Turning the Page on Dieselgate

VW Diess  REUTERS-Ralph Orlowski
Mr. Diess hopes an SUV offensive with models like the Tiguan will lead to renewed growth. Photo: Reuters/Ralph Orlowski
  • Why it matters

    Why it matters

    Volkswagen views electric cars as the future, but Dieselgate has eaten away at the automaker’s profits, making it difficult to invest in new technology.

  • Facts


    • Herbert Diess, chief executive of the VW core brand, says technical solutions have been worked out for 4.6 million of the 11 million diesel vehicles that have emissions-cheating software installed.
    • The VW core brand is clinging to its goal of achieving 6 percent profit margins though the fallout from the Dieselgate scandal has pushed margins down to 2 percent.
    • With little money to invest in new technology, VW has nevertheless set an ambitious goal of producing a million electric cars by 2025.
  • Audio


  • Pdf

It’s been a summer of bad news for Volkswagen.

First the automaker agreed to a whopping $15.3-billion settlement in the United States. Then it stopped the sale of most diesel vehicles in South Korea, its second-largest market in Asia. Now Volkswagen faces lawsuits from Arkansas to Bavaria over losses from the drop in its stock value.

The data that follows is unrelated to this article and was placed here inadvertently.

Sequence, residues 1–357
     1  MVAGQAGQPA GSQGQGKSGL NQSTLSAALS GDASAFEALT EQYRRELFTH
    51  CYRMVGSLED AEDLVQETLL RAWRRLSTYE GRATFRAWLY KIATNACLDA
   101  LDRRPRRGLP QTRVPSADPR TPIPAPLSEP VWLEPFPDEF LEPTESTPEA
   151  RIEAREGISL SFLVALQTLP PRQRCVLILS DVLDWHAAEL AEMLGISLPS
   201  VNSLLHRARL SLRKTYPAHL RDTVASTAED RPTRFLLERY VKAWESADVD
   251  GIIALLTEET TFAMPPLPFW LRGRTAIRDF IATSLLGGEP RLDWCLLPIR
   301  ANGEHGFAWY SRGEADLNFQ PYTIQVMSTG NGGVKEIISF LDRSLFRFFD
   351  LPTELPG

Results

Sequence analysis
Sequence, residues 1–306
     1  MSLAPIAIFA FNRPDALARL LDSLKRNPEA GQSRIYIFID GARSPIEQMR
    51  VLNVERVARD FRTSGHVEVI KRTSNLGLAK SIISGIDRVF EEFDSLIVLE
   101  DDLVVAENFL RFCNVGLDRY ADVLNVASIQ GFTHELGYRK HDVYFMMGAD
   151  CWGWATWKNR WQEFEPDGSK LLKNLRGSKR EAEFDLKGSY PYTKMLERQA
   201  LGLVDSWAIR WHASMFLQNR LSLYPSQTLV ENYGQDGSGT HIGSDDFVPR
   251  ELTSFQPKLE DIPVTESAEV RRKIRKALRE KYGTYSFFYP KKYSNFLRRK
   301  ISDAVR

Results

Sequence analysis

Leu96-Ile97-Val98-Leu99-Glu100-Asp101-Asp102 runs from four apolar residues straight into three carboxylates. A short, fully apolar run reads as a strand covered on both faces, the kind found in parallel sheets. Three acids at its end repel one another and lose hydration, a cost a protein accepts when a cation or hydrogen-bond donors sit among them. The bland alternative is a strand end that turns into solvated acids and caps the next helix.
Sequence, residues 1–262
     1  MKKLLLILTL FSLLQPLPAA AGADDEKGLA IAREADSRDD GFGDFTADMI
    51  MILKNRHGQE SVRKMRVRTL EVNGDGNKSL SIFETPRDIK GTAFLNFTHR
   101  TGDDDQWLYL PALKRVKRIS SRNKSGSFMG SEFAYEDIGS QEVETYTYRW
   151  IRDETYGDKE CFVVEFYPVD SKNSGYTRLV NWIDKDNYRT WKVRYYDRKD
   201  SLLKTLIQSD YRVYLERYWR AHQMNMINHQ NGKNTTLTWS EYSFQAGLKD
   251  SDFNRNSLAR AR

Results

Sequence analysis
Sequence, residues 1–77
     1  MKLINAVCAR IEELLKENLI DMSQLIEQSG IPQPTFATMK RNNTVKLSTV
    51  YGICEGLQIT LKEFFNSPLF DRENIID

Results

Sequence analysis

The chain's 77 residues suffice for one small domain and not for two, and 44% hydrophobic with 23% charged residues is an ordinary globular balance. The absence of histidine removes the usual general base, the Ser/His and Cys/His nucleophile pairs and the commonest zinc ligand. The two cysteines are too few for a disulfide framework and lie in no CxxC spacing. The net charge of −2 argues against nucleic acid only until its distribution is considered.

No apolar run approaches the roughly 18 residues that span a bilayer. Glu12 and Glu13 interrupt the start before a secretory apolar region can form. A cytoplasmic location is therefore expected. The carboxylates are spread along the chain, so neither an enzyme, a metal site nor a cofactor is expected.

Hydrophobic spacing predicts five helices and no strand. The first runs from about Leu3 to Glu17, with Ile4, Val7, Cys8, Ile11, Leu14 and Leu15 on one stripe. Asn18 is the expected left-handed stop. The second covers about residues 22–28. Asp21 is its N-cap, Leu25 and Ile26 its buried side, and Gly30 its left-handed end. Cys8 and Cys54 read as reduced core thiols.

The automaker appears to be lurching from one crisis to another with no end in sight. But if you ask Herbert Diess, the chief executive of Volkswagen’s core brand, the automaker has nearly turned the corner in the emissions scandal once and for all.

“I am confident we can resolve most of the issues in 2016 and the rest in the first half of 2017,” Mr. Diess told Handelsblatt’s sister publication WirtschaftsWoche. “Then there will be upward trend for the core brand.”

Want to keep reading?

Subscribe now or log in to read our coverage of Europe’s leading economy.